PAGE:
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. Last Updated: 07/27/2016

Utilities in the Political Spotlight

The shares of the Russian Utilities sector in April have significantly outperformed the entire Russian stock market and the World's indices. The MICEX Power index, which captures the performance of the entire sector, has surged by 28 percent during the month, while the MICEX index advanced only by 17 percent and S&P500 added just 9 percent. At the same time the performance of the Russian Utilities stocks was not uniform across the sector. The shares of power generating companies surged by 45 percent on average during the period, FGC UES advanced by a whopping 47 percent, while the distribution stocks were the sector's laggards, adding only 16 percent on average in April. The positive performance was driven by the favorable news flow during the month, and Utilities have finally started to regain their position on the Russian equities market after falling the most in the midst of the financial crisis.

The Russian Utilities sector reforms have not yet been completed and so the risk of failure has been dragging down the stocks since the beginning of the crisis. However, in April the sector finally came under the political spotlight. In the first week of April during his speech to the State Duma, Prime Minister Vladimir Putin addressed the Russian Electric Utilities sector. He made clear that, firstly, the government does not plan to freeze the natural monopoly tariffs, including tariffs for the Utilities sector, although the state plans to limit the growth of regulated tariffs next year compared to 2009. Secondly, he said that the government plans to partly subsidize residential electricity consumers by providing additional funds to Russia's regional authorities in order to offset "excessively" high retail tariffs in some of the regions in order to improve the overall stability.

On April 9 the long anticipated Cabinet meeting on the Utility sector's long-term investment program took place. The initial program, ambitiously called GOELRO-2 (after the first plan to electrify Russia in 1920), was developed by RAO UES under overly aggressive assumptions about the expected growth in electricity demand. In the current economic environment of dropping demand some of the planned capacity additions can cause excessive supply. There was an atmosphere around the market of anticipation that the government may allow the companies to not fulfill their obligations to invest and build. That would have immediately freed up short-term cash flows of electricity generating companies and lifted the financing risks. As it happened, the Cabinet has agreed to postpone the investments of state-controlled utilities, which was read positively by the market, even though no words were said regarding the privately owned TGKs and OGKs. The Energy Minister Sergei Shmatko said, however, that private generators may also be allowed to postpone their investment projects provided they have the right reasons.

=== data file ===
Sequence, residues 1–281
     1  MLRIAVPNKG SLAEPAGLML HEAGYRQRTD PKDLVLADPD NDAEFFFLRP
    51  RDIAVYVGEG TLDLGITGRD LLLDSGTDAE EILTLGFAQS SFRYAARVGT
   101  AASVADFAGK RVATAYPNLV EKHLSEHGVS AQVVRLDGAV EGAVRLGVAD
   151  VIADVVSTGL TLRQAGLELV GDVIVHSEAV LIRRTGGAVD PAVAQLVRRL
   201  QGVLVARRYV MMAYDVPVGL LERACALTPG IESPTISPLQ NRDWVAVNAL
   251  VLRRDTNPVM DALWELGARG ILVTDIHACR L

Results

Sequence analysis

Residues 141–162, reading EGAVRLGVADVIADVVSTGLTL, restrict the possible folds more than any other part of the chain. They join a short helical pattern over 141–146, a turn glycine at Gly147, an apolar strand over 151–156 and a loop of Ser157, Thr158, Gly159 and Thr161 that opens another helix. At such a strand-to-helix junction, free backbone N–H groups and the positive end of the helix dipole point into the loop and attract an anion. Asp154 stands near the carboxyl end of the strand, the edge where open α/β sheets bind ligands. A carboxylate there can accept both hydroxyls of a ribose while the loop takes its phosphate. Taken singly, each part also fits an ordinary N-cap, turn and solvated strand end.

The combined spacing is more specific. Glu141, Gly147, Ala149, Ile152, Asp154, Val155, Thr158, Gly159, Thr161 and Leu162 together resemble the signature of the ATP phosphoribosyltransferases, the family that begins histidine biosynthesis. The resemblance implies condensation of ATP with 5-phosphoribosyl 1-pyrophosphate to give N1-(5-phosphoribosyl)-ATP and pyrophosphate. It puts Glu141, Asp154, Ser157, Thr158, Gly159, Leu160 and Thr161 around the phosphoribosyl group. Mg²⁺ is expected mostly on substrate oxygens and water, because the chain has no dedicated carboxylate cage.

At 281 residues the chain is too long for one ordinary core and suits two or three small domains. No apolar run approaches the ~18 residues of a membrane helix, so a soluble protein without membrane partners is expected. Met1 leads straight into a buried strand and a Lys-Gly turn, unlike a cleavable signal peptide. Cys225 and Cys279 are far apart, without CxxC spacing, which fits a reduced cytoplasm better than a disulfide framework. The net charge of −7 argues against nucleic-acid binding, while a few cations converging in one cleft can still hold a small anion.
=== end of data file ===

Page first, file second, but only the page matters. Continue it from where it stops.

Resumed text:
Another piece of positive news for power generating companies came in the middle of April, when the Energy Ministry announced that the capacity market model for electricity generation companies will be finalized in 2Q09. The capacity market has still not been launched in Russia, which is devastating for strategic investors. The major owners of generating companies are facing the risk of not being able to guarantee sufficient, or any, return on their investments. Thus, despite uncertainty about the capacity market model itself, at the moment the probability of its implementation, e.g. the launch of the capacity market, is one of the biggest drivers of value for generation stocks. This was the main reason of the April's rally in the stocks of OGKs and TGKs. The outperformers were the shares of OGK-3 (+73 percent) and OGK-4 (+62 percent), which also published very strong 2008 financials, showing earnings growth and significant amount of cash on the balance sheet. The shares of Mosenergo (+76 percent) received additional boost when the Energy Ministry published its forecast of a much lower expected electricity demand drop in Moscow and the region in 2009, compared to the country's average. This also helped MOESK, an electricity distribution company working in Moscow region and a less liquid stock, to shoot up by 124 percent in April.

The Utility sector's outperformer, FGC UES, announced in the middle of April that it will be fully switched to a RAB-based new tariff system by 2010. FGC opts for an initial RAB valuation of 619 billion rubles ($17.4 billion), which will raise the transmission tariff by 72 percent in 2010 and by 27 percent in 2011. This made the company look very cheap on multiples: EV/IRAB of 0.33x and 2010E EV/EBITDA of 2.9x, implying 40 percent to 50 percent discount to Emerging Market peers and caused a continuous rally in the stock during the month.

In the near future we expect correction in the Utilities sector, as the positive news flow was mostly played by the market. An important risk for the sector's 2010 financials is the state's decision on next year's regulated tariffs, and at the moment the Ministry of Economic Development is proposing a significant cap on the tariffs growth next year. However, we note that the negative effect of this caps should be softened by the electricity market liberalization, as in 2010 it is expected that 70 percent of electricity will be sold on the free market. In the medium term we see a potential for another rally in generation stocks, which could be sparked by positive news regarding the capacity market launch. Although, unfortunately, the timing of the government's final decision on this issue is uncertain at the moment.